“China will not only act as a kung fu master in response to U.S. tricks, but also as an experienced boxer and can deliver a deadly punch at the end,” Wei Jianguo, a former vice-minister at the Chinese Ministry of Commerce responsible for foreign trade, told the South China Morning Post on Monday about his country's response to President Donald Trump's tariffs.

Many news reports have focused on the timing of the Chinese annoucement, which came on the heels of taunting tweets from Trump, warning China against retaliating to his tariffs. But the really interesting part lay in what Wei said -- rather bluntly -- in that interview.

Wei said the U.S. agriculture products would be a primary target for Chinese retaliation, especially wheat, corn and pork. Because tariffs on these goods will directly target a key part of President Donald Trump's electoral base in the run-up to the 2020 presidential election. In other words, Wei's interview was probably a warning shot across the bow of Trump's election boat. China, he was implying, can meddle with Trump's election prospects in 2020 -- and may already be doing it.

US China Trade War Farmers
Corn is displayed for judging at the Cedar County Fair in Tipton, Iowa, July 13, 2018. Farmers in Iowa and the rest of the country, who are already faced with decade-low profits, are bracing for the impact a trade war with China may have on their bottom line going forward. Scott Olson/Getty Images

The Chinese tariffs will be levied from June 1 on $60 billion of American goods, a far smaller quantum than the $200 billion of Chinese goods that Trump has targeted. That may be because China's imports from the U.S. are much lower than what the U.S. imports from China, reducing the pool of goods Beijing can levy tariffs on. But Chinese trade war planners can use smart targeting to inflict selective pain through those tariffs. They already are, probably.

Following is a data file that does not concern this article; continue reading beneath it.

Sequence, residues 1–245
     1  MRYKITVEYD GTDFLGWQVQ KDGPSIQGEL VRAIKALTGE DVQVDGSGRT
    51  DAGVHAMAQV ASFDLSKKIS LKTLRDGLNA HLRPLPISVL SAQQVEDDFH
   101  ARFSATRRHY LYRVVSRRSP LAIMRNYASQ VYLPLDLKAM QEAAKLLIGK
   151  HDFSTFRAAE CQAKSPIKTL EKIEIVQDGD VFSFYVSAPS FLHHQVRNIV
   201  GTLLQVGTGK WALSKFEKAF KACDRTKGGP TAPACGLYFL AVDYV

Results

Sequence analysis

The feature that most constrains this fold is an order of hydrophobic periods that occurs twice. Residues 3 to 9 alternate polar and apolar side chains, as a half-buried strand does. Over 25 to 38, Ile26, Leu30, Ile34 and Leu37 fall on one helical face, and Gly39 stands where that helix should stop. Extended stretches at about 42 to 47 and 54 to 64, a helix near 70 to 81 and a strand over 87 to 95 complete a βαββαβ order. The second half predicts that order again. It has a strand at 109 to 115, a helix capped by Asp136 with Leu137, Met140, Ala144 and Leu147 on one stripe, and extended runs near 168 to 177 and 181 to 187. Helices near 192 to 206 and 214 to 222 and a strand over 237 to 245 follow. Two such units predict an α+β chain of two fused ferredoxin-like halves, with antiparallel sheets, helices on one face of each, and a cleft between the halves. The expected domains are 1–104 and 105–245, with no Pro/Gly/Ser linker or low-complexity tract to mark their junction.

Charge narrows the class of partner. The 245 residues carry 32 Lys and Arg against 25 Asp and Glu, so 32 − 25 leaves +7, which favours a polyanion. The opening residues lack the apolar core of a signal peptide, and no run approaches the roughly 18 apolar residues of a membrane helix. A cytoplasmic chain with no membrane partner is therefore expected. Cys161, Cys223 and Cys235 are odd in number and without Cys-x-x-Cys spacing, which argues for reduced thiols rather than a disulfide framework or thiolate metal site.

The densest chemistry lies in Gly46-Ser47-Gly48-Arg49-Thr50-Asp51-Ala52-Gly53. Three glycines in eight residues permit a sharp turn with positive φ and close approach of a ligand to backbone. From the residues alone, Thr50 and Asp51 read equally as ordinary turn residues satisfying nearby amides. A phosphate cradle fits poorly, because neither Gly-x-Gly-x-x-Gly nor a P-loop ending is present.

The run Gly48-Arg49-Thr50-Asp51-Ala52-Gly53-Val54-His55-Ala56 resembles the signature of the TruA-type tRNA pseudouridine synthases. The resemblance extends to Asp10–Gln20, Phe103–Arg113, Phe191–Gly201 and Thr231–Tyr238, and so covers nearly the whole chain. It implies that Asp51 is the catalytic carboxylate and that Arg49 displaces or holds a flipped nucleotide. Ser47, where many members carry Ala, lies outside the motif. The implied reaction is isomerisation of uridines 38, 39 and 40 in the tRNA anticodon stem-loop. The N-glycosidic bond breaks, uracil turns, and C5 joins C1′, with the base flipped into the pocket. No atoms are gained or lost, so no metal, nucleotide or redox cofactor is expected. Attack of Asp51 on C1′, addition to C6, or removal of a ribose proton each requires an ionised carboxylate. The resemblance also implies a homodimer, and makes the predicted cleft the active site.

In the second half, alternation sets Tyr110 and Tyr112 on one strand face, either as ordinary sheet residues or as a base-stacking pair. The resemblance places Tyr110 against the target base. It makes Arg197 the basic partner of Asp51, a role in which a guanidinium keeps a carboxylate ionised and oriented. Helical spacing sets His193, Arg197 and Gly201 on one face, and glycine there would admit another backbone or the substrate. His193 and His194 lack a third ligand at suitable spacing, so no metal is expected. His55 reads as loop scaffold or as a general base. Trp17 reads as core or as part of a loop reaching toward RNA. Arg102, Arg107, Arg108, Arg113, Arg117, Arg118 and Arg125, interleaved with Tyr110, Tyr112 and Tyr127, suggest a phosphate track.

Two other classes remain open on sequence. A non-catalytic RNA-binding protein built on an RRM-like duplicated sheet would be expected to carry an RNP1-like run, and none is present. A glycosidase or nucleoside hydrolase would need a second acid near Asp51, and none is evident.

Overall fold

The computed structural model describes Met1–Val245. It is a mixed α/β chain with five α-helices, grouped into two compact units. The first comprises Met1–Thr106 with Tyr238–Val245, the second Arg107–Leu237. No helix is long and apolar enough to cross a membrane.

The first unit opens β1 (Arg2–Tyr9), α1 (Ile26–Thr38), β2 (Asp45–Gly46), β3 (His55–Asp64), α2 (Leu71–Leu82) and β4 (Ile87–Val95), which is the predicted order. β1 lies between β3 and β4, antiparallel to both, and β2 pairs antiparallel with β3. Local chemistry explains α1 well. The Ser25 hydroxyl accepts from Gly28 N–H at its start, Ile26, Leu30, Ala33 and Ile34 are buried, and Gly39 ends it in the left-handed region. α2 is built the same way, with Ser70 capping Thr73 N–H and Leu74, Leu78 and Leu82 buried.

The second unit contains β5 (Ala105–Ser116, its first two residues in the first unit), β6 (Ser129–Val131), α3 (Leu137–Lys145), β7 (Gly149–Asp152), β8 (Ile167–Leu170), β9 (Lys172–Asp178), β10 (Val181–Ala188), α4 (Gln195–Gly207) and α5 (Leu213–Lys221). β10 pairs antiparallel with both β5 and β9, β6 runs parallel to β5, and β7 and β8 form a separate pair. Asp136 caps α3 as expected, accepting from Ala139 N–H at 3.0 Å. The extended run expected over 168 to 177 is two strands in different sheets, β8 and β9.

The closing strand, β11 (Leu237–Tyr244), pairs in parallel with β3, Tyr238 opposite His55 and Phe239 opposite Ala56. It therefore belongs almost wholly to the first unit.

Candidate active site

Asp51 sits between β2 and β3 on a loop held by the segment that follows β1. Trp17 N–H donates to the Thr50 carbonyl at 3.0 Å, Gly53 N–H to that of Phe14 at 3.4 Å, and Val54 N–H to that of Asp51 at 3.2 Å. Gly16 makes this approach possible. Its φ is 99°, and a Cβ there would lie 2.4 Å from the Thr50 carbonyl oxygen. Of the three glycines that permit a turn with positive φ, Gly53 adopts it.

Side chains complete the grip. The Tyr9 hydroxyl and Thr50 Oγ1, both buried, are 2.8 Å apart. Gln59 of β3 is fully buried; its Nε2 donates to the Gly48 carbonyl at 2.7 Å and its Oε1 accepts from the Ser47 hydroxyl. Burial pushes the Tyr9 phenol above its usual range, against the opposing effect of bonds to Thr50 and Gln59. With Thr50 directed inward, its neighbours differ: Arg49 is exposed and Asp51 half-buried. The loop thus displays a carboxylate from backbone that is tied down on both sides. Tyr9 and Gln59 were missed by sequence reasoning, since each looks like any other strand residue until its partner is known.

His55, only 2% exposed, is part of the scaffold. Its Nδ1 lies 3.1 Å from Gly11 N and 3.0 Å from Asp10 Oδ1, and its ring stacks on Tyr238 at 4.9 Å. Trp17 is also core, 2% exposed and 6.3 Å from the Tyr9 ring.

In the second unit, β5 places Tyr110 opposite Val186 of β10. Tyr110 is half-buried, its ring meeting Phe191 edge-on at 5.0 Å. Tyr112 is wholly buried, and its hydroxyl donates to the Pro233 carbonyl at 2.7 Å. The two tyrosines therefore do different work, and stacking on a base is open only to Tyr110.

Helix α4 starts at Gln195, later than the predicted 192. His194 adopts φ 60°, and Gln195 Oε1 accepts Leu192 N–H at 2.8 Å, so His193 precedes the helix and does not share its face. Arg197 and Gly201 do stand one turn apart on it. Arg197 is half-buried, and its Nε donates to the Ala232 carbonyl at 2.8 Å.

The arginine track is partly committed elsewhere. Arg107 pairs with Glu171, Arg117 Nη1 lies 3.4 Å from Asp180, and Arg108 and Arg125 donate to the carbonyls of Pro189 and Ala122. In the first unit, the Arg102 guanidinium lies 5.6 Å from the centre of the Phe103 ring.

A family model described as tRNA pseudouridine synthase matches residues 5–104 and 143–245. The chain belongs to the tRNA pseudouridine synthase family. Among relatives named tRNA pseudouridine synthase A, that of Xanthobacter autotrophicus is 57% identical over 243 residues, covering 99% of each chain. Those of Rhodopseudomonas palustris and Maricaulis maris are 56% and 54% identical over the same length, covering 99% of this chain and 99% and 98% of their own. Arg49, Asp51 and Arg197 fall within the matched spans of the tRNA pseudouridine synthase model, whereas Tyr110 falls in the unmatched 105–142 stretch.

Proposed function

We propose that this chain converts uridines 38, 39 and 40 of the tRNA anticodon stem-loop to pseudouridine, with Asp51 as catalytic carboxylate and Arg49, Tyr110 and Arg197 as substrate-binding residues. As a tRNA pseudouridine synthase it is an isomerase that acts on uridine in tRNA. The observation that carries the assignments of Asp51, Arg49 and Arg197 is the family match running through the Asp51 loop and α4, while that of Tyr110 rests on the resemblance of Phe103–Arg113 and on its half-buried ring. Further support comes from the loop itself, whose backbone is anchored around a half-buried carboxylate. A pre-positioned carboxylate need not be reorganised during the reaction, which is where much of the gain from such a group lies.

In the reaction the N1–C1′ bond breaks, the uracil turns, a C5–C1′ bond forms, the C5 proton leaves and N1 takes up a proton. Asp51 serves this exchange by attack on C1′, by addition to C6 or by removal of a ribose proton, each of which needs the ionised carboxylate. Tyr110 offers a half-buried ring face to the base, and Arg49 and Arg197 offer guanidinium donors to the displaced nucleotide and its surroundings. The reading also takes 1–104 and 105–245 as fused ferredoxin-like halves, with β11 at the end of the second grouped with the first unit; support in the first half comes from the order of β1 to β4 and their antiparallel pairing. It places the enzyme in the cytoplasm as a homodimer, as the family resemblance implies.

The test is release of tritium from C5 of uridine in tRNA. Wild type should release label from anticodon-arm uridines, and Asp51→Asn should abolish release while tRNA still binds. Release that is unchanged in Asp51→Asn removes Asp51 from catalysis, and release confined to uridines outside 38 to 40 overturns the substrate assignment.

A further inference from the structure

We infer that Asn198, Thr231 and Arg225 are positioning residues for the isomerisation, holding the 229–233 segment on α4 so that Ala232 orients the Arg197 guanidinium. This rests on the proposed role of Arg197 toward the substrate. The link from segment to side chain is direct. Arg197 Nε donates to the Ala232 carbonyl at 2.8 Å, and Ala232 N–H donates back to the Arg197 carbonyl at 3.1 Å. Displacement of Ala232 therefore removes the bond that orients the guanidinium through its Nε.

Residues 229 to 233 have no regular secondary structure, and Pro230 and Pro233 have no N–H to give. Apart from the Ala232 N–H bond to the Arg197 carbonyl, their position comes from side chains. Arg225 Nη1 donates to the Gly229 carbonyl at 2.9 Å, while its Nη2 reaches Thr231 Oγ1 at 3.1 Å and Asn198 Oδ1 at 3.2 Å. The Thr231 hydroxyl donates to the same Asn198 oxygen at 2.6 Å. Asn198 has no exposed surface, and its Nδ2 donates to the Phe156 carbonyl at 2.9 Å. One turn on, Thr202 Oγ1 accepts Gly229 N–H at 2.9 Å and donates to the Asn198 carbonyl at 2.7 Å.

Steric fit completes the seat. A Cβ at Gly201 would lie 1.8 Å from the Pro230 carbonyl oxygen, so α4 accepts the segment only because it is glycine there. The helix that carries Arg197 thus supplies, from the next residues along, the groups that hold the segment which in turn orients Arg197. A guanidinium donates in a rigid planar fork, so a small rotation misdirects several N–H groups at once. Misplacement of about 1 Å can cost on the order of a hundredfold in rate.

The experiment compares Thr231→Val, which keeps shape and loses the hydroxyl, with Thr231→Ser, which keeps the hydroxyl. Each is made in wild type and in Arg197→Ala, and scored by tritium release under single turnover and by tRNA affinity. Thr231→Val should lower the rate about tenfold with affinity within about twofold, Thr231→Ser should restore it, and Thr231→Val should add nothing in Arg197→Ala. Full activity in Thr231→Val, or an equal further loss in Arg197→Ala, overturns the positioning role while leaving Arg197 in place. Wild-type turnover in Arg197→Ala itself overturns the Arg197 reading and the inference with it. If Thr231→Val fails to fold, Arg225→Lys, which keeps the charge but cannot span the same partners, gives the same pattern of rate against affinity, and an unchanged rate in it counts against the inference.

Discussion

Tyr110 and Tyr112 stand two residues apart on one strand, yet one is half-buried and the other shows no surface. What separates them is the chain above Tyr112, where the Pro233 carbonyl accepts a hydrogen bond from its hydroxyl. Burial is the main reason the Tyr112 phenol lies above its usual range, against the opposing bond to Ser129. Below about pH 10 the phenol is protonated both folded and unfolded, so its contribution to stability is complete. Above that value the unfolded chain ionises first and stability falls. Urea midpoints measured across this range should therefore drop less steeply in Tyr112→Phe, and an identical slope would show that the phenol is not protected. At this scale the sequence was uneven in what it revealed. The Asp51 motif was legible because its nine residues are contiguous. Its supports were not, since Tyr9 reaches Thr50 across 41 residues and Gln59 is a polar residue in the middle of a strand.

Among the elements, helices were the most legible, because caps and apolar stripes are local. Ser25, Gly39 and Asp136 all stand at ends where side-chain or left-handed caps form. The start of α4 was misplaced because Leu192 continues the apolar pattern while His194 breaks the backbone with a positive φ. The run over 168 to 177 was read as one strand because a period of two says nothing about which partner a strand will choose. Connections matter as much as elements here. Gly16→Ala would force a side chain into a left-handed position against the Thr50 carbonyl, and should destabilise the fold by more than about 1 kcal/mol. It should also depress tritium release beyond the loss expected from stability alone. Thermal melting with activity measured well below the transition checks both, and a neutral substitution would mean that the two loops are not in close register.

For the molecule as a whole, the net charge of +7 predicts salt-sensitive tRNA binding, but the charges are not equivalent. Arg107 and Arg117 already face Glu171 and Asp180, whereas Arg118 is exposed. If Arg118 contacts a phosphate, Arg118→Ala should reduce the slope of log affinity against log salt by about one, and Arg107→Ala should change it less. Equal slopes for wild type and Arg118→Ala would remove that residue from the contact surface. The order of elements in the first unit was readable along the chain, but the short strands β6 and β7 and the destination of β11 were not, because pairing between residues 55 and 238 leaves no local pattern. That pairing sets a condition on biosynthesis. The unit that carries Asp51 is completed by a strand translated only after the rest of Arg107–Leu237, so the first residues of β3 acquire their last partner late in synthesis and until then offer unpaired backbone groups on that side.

Fortune reported that the Chinese tariffs will continue to hurt those in states and industries that have elevated Trump to power in the last elections. It said specifically that oil and gas workers in Texas, Oklahoma, and Louisiana, as well as farmers across the country will feel the sting from the Chinese tariffs.

Among the items that will see a rise in tariffs from 10 percent to 25 percent are beef, frozen fruits, vegetables and seasonings, textiles, microwaves, printers, and liquefied natural gas imports. Alcoholic drinks too are included, perhaps to mute any celebrations in the Trump camp!

Among the items that will see tariffs increase from 10 percent to 20 percent are food items, construction equipment, gold clubs, bowling pins and roller skates.

Other items, such as tires, light bulbs and paper products, will see tariffs rise from 5 percent to 10 percent. Perhaps in a sign that the Chinese are calibrating their response carefully, auto parts are still exempt from tariffs.

A prolonged trade war will hurt Trump's voters in key states with major farm industries, such as Minnesota, Wisconsin and Iowa, CNBC reported. It is perhaps to contain the uncertainity for his base that Trump has now said it will be known in three to four weeks whether the trade talks will be successful -- although the last round in Washington did not see any progress and both countries are still preparing more punitive steps against each other.

Trump has talked about using the tariffs proceeds to buy more agricultural products from farmers, which would actually work differently on the ground U.S. companies opt to pass on the extra cost burden to consumers in America. That would bring with it a whole host of problems, from inflation to inserting the government into more areas of the economy.

But the Chinese can inflict still more pain -- CNBC quoted exports to say the S&P, in a worse-case outcome, could decline 10 percent, as companies like Boeing, Apple and Caterpillar take the hit. The pain would then ripple across sectors like metals, mining and automobiles.

Beijing can sure deliver a nasty punch if this trade war drags on.